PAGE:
Chronic Fatigue Syndrome (CFS/ME)


Chronic Fatigue Syndrome or Myalgic Encephalomyelitis (CFS/ME) is a complex and debilitating disorder characterized by extreme fatigue that does not improve with rest and that may worsen with physical or mental activity. Moreover, people affected by CFS show numerous non specific symptoms which include, among others, weakness, muscle pain, loss of memory and/or concentration, insomnia and extreme fatigue lasting more than 24 hours after physical or mental strain.

Most people who suffer from CFS/ME are forced to significantly reduce the activities they used to perform before the disorder appeared.

The cause or causes have not been identified and there is no definitive diagnosis evidence. On the other hand, since many other illnesses have disabling fatigue as a symptom, care must be taken to exclude them before a diagnosis of CFS/ME is made.



An international panel of CFS/ME research experts was called in 1994 to draft a definition of CFS that would be useful both to researchers and to CFS/ME correct diagnosis. In order to be diagnosed with CFS/ME, the patient must essentially satisfy the following two criteria:

1. Having had severe fatigue of six months or longer duration, with a clinical diagnosis excluding other health disorders that could have caused such fatigue.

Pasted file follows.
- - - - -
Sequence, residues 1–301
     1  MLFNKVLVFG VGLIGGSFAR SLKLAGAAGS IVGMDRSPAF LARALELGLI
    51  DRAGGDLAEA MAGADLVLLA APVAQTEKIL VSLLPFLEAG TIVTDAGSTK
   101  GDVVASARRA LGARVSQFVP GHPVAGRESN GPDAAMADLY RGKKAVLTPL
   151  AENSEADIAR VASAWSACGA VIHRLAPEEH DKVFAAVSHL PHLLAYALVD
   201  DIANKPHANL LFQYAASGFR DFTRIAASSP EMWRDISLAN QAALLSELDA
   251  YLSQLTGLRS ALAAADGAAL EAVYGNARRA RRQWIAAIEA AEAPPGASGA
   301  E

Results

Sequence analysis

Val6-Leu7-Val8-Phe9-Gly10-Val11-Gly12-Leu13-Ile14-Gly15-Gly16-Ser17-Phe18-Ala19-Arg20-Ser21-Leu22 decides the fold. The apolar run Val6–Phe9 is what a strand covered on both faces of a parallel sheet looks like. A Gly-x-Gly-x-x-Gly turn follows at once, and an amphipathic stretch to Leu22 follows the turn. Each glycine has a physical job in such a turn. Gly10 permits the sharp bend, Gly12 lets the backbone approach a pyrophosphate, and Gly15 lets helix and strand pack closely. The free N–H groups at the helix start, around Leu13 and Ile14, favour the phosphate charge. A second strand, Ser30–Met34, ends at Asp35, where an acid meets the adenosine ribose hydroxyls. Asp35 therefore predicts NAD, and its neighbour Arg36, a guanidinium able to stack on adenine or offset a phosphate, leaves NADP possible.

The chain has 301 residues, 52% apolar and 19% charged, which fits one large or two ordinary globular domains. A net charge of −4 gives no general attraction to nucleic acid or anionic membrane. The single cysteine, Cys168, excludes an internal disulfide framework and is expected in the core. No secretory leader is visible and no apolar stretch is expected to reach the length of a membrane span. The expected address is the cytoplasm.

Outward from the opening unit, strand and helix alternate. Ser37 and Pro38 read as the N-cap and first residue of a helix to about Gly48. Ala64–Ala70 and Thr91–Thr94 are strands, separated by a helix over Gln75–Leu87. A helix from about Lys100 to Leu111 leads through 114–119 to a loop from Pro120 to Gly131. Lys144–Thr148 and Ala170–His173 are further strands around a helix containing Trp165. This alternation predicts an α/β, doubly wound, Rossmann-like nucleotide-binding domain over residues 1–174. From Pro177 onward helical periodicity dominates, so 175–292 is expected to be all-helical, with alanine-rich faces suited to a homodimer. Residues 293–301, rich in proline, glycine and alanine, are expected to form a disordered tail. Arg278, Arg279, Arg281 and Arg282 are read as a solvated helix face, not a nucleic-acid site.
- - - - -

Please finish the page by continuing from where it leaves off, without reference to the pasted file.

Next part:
2. Concurrently have four or more of the following symptoms: substantial impairment in short-term memory or concentration; sore throat; painful or sensitive lymph nodes in neck and armpits; inexplicable muscle pain; multi- joint pain without redness or swelling; headaches which differ from the ones suffered before, with a different pattern or severity; lack of refreshing sleep; fatigue that lasts more than 24 hours after physical effort.

Symptoms must have persisted or recurred during six or more consecutive months and must not have predated the fatigue.

Chronic Fatigue Syndrome (CFS/ME) is classified by the WHO with code G93.3 into the chapter of Central Nerve System Disorders.


Other many symptoms, whose frequency varies depending on the patient, may appear alongside with the eight principal symptoms that define CFS/ME: abdominal pain, intolerance to alcohol, bloating, chest pain, chronic cough, diarrhea, dizziness, dry eyes and dry mouth, earache, arrhythmia, jaw pain, morning stiffness, nausea, night sweats, psychological problems (depression, irritability, anxiety disorders, panic attacks, etc.), shortness of breath, skin sensitivity, tingling sensation, weight loss, etc.



· Diagnosis of CFS/ME is essentially based on the patient's clinics.

· People with CFS/ME symptoms must be carefully evaluated by a specialist doctor in order to establish a differential diagnosis with respect to other pathologies whose symptoms are similar, such as mononucleosis, Lyme illness, hormone disorders, diabetes, multiple sclerosis, various types of cancer, severe depression and bipolar disorder.

· Recent research indicates that less than 20% of the patients with CFS/ME have been diagnosed.



Due to its unknown aetiology, CFS/ME still has no cure and therefore its treatment is focused on improving the symptomatology. A unique treatment does not exist and it should be personalized. In the majority of cases a combination of several therapeutic measures is recommended.